FBI spooks use MALWARE to spy on suspects' Android mobes - report

Spear-phishing: It's not just for the bad guys


The Federal Bureau of Investigation is using mobile malware to infect, and control, suspects' Android handsets, allowing it to record nearby sounds and copy data without physical access to the devices.

That's according to "former officers" interviewed by the Wall Street Journal ahead of privacy advocate Christopher Soghoian's presentation at hacker-conflab Black Hat later today.

The FBI's Remote Operations Unit has been listening in to desktop computers for years, explains the paper, but mobile phones are a relatively new target.

It would never work with tech-savvy suspects, though: suspects still need to infect themselves with the malware by clicking a dodgy link or opening the wrong attachment. This is why computer hackers are never targeted this way – they might notice and publicise the technique, said the "former officers", who noted that in other cases it had proved hugely valuable.

Such actions do require judicial oversight, but if one is recording activities rather than communications, the level of authorisation needed is much reduced. A US judge is apparently more likely to approve reaching out electronically into a suspect's hardware than a traditional wiretap, as the latter is considered a greater intrusion into their privacy.

Gaining control of that hardware still requires a hole to crawl through; ideally a zero-day exploit of which the platform manufacturer is unaware.

The WSJ cites UK-based lawful spook spyware supplier Gamma International as selling such exploits to the Feds. The company was recently in the news after allegations that it was also supplying dodgy governments with kit - allegedly including malware disguised as the Firefox browser.

Given the convergence of mobile and desktop, it's no surprise to see desktop techniques being applied to mobile phone platforms by both hackers and law enforcement agencies.

The usual techniques of not opening unknown attachments or unsigned downloads should protect you against the FBI, just as it would against any spear-phishing attempt. But then again, if you know that, they probably wouldn't try using it against you. ®


Other stories you might like

  • Experts: AI should be recognized as inventors in patent law
    Plus: Police release deepfake of murdered teen in cold case, and more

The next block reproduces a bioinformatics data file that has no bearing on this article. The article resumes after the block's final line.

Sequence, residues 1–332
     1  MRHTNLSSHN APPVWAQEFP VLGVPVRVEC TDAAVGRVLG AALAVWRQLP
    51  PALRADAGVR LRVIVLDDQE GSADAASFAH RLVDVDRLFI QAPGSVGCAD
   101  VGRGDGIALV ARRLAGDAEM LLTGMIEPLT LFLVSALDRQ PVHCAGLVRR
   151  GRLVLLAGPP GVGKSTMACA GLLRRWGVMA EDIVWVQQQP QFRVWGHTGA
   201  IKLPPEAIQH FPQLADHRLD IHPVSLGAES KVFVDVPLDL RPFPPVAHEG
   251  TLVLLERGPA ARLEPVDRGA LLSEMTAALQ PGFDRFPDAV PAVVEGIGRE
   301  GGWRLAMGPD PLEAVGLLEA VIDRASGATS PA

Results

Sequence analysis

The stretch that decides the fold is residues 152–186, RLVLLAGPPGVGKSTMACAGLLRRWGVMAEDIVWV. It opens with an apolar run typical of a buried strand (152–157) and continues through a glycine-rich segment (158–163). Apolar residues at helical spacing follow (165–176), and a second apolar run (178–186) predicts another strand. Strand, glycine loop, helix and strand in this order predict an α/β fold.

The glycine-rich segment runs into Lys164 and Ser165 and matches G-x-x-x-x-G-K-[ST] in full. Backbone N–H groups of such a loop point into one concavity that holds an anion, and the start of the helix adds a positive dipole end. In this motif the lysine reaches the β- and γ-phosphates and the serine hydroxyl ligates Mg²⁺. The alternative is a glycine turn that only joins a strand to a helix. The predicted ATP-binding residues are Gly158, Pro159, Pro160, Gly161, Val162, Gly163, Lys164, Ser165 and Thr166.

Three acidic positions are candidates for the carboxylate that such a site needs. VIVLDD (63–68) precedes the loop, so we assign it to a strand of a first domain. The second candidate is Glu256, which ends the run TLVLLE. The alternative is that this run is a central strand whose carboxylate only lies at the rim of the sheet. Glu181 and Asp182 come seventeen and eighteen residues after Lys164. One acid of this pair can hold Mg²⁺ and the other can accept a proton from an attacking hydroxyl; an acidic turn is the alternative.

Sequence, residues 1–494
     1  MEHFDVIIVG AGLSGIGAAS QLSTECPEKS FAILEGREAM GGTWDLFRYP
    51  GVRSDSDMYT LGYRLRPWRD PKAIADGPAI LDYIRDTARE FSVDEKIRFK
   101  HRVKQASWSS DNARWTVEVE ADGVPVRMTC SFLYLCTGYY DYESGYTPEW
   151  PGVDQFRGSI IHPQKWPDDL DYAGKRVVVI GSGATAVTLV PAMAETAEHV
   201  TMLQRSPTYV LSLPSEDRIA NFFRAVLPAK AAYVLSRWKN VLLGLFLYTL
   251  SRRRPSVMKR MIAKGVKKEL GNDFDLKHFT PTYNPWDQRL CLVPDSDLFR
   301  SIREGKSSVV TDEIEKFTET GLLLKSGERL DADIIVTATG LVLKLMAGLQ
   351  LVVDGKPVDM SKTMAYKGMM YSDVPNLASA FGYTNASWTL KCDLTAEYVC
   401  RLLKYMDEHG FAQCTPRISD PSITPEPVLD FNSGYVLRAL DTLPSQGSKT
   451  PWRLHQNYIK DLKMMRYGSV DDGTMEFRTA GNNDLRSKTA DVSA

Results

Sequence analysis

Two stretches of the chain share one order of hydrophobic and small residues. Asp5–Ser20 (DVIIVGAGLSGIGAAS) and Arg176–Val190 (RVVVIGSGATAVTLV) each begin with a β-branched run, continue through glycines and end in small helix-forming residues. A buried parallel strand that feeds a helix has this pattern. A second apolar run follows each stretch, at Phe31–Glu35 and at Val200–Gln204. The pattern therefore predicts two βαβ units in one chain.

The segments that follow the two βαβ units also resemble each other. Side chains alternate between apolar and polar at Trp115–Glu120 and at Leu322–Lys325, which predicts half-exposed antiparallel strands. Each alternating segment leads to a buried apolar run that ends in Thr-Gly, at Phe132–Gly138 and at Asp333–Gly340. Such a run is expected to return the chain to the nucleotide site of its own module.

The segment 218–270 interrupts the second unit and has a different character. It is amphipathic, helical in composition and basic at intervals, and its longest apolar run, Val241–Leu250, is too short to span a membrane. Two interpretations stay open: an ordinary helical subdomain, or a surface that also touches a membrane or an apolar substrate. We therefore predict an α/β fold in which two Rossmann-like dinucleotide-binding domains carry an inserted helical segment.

In-brief Governments around the world should pass intellectual property laws that grant rights to AI systems, two academics at the University of New South Wales in Australia argued.

    Alexandra George, and Toby Walsh, professors of law and AI, respectively, believe failing to recognize machines as inventors could have long-lasting impacts on economies and societies. 

    "If courts and governments decide that AI-made inventions cannot be patented, the implications could be huge," they wrote in a comment article published in Nature. "Funders and businesses would be less incentivized to pursue useful research using AI inventors when a return on their investment could be limited. Society could miss out on the development of worthwhile and life-saving inventions."

    Continue reading
  • Declassified and released: More secret files on US govt's emergency doomsday powers
    Nuke incoming? Quick break out the plans for rationing, censorship, property seizures, and more

    More papers describing the orders and messages the US President can issue in the event of apocalyptic crises, such as a devastating nuclear attack, have been declassified and released for all to see.

    These government files are part of a larger collection of records that discuss the nature, reach, and use of secret Presidential Emergency Action Documents: these are executive orders, announcements, and statements to Congress that are all ready to sign and send out as soon as a doomsday scenario occurs. PEADs are supposed to give America's commander-in-chief immediate extraordinary powers to overcome extraordinary events.

    PEADs have never been declassified or revealed before. They remain hush-hush, and their exact details are not publicly known.

    Continue reading
  • Stolen university credentials up for sale by Russian crooks, FBI warns
    Forget dark-web souks, thousands of these are already being traded on public bazaars

    Russian crooks are selling network credentials and virtual private network access for a "multitude" of US universities and colleges on criminal marketplaces, according to the FBI.

    According to a warning issued on Thursday, these stolen credentials sell for thousands of dollars on both dark web and public internet forums, and could lead to subsequent cyberattacks against individual employees or the schools themselves.

    "The exposure of usernames and passwords can lead to brute force credential stuffing computer network attacks, whereby attackers attempt logins across various internet sites or exploit them for subsequent cyber attacks as criminal actors take advantage of users recycling the same credentials across multiple accounts, internet sites, and services," the Feds' alert [PDF] said.

    Continue reading

Biting the hand that feeds IT © 1998–2022